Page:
Author: Louise Sinclair

Curious about the composition of toothpaste and its significance? As dentists, you know the importance of a good toothpaste in your patients' oral hygiene routine. Explore the complex formulation of toothpaste, which includes active and inactive ingredients and their crucial roles in achieving optimal oral health goals. Gain valuable insights to enhance dental expertise and patient care.

Active Ingredients in Toothpaste and Their Functions


Some toothpastes, such as Colgate Total, contain an active ingredient that is effective for all of these conditions, while other toothpaste may contain more than one active ingredient.

Anti-plaque/anti-gingivitis agent

Zinc citrate is an effective anti-plaque and anti-gingivitis agent that inhibits plaque growth, biofilm maturation, and calculus formation. They prevent halitosis, reduce inflammatory cytotoxic potential, reduce gingivitis and gum bleeding, and have high antibacterial efficacy.

Anti-caries agent

To strengthen tooth enamel and defend against demineralization, fluoride, a proven anti-caries agent, is added to toothpaste. Fluoride can help the enamel remineralize in cases of early caries, which can stop or even reverse the condition. Fluoride is the only anti-caries agent accepted by the Food and Drug Administration (FDA).


Some toothpastes, such as Colgate PerioGard Toothpaste, contain both anti-plaque/anti-gingivitis and anti-caries agents. It has a high antibacterial efficacy due to the unique combination of zinc citrate and fluoride.


Potassium nitrate is a common desensitizing agent. It forms a protective shield, relieving sensitivity. 


Toothpastes with anti-hypersensitivity agents, such as Colgate Sensitive Plus, provide long-term relief with regular use and improve protection against painful shocks.

Inactive ingredients 

An inactive ingredient is an ingredient that does not fall into one of the three active ingredient categories, but still plays an important role in the effectiveness of toothpaste.

 Anti-calculus agents

Anti-calculus agents prevent the calcification and hardening of biofilm accumulations on the teeth.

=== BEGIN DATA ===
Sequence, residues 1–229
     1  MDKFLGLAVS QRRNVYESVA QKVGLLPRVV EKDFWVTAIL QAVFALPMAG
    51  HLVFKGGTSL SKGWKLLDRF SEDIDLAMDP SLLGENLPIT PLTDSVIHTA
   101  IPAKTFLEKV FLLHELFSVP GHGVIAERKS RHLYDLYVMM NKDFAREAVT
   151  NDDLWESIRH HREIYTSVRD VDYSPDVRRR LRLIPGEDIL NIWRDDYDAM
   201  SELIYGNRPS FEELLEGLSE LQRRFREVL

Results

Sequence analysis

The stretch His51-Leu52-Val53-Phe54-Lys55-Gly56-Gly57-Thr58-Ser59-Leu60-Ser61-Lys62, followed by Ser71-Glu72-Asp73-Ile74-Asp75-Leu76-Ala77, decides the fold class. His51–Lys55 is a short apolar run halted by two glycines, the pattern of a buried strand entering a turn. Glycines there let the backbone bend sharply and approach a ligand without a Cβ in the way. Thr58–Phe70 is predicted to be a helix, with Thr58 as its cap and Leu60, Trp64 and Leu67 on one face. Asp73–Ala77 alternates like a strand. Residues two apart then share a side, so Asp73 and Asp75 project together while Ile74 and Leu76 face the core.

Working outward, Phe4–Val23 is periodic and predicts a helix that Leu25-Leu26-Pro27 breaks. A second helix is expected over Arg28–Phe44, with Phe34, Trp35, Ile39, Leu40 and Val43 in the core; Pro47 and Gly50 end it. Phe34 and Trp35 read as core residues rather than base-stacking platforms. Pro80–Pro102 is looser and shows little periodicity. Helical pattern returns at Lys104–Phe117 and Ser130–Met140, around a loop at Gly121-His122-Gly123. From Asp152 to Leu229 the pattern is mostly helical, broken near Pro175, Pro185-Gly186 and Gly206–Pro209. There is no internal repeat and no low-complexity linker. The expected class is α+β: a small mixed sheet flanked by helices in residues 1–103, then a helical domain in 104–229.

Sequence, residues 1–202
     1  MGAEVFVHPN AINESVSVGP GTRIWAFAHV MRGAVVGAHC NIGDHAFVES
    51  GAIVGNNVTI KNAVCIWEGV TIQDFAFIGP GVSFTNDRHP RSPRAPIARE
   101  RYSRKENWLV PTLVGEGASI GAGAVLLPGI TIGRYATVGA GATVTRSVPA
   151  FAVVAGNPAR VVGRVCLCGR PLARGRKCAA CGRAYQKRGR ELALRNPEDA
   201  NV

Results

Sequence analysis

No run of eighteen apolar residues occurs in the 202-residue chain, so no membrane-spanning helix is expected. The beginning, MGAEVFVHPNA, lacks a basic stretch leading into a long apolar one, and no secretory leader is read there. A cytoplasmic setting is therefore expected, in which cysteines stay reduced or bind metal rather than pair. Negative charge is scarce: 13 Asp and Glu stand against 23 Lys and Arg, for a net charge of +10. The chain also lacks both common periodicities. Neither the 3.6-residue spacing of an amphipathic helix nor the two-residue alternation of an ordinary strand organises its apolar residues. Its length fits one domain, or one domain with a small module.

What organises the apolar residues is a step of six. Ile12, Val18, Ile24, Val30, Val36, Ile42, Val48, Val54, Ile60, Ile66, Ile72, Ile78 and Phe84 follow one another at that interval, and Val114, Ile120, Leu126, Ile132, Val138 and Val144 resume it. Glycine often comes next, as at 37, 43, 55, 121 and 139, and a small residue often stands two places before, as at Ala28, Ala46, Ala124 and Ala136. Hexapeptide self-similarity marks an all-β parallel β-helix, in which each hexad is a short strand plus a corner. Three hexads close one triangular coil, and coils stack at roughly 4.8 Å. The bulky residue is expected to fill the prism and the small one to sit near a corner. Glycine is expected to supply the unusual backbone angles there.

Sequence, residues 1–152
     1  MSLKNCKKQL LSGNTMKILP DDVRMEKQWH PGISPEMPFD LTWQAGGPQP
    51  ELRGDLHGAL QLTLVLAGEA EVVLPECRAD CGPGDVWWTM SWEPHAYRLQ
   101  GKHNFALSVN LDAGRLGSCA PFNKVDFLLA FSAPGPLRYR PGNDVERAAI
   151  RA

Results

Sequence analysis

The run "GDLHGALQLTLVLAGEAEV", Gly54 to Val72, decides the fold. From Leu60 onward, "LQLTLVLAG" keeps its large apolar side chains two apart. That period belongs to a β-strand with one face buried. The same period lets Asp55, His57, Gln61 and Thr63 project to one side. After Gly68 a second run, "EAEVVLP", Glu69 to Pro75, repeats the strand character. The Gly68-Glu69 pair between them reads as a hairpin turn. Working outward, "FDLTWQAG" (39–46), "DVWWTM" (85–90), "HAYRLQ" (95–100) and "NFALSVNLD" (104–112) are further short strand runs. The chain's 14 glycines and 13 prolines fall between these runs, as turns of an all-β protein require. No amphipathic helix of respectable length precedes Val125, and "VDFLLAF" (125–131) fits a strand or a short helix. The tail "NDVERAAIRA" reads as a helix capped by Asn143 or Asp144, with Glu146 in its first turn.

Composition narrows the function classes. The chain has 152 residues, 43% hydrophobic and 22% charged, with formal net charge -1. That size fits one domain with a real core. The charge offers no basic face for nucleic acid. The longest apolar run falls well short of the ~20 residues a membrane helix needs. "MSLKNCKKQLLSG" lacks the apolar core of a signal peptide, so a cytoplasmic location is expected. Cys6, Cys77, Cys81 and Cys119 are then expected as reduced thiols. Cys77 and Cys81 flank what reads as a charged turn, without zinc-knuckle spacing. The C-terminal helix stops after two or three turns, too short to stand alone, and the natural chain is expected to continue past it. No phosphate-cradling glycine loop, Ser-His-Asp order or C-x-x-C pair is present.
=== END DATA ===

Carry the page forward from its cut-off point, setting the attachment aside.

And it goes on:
Abrasive agents in toothpastes effectively remove biofilm and surface stains from teeth. Calcium carbonate, silicas, hydrated aluminium oxide, magnesium carbonate, sodium bicarbonate, and phosphate salts like calcium pyrophosphate are some of the ingredients.  


Silica is the key abrasive ingredient in Colgate Total Toothpaste, which provides efficient cleaning and removes surface stains from teeth.

Detergents (surfactants)

The foaming action of toothpaste is caused by a surfactant, sodium lauryl sulfate, which helps to remove biofilm and debris, making it easier to brush away.

Whitening agents

Whitening toothpastes use abrasive agents and ingredients like polyphosphates to remove surface stains, while sodium triphosphate and silica address extrinsic and intrinsic stains. Colgate Visible White toothpaste, which contains sodium triphosphate and silica, whitens teeth by one shade in one week. Colgate Total, which contains zinc phosphate, also has a whitening effect with stain removal.


One of the ingredients that works as an anti-halitosis agent is Zinc citrate, which has antimicrobial properties that can help inhibit the growth of bacteria in the oral cavity. These bacteria produce volatile sulfur compounds (VSCs), causing unpleasant breath odors. Zinc citrate reduces this bacteria population, promoting fresher breath and mitigating bad breath.


Toothpaste such as Colgate PerioGard Toothpaste with zinc citrate fights halitosis by inhibiting odor-causing bacteria for fresh breath.

Flavoring agents

Flavoring agents include menthol, oils, and fruit for fresh breath and pleasant taste.


Non-cariogenic sweeteners found in toothpastes include sodium saccharin, sorbitol, xylitol, and sucralose. Cariogenic sweeteners, such as sugar, are not permitted in ADA-approved toothpaste.


To prevent water loss and maintain moisture, humectants such as sorbitol are added to toothpaste. They help retain moisture and prevent drying. 


Sorbitol is found in toothpastes like Colgate Visible White.


Toothpaste is coloured using food-grade or natural dyes, and the plain white color of white toothpaste is derived from titanium dioxide, an opacity-enhancing substance.

Binding (thickening) agents

Binding agents prevent it from separating and give it a consistent texture. A few common options are hydroxymethylcellulose, natural plant gums, and seaweed colloids.

Buffering agents

Toothpaste buffers, like sodium citrate, trisodium phosphate, and pyrophosphates, maintain pH stability in toothpaste, preventing alkaline or acidic conditions and preventing calculus formation.


Preservatives in toothpaste prevent microbial growth; the most common one is benzyl alcohol. Other preservatives, such as sodium benzoate and methyl paraben, are also used.


  1. Kim, S. A., & Cho, J. W. (2017). Gingivitis reducing effect of dentifrices containing zinc citrate. International Journal of Clinical Preventive Dentistry, 13(4), 217-222.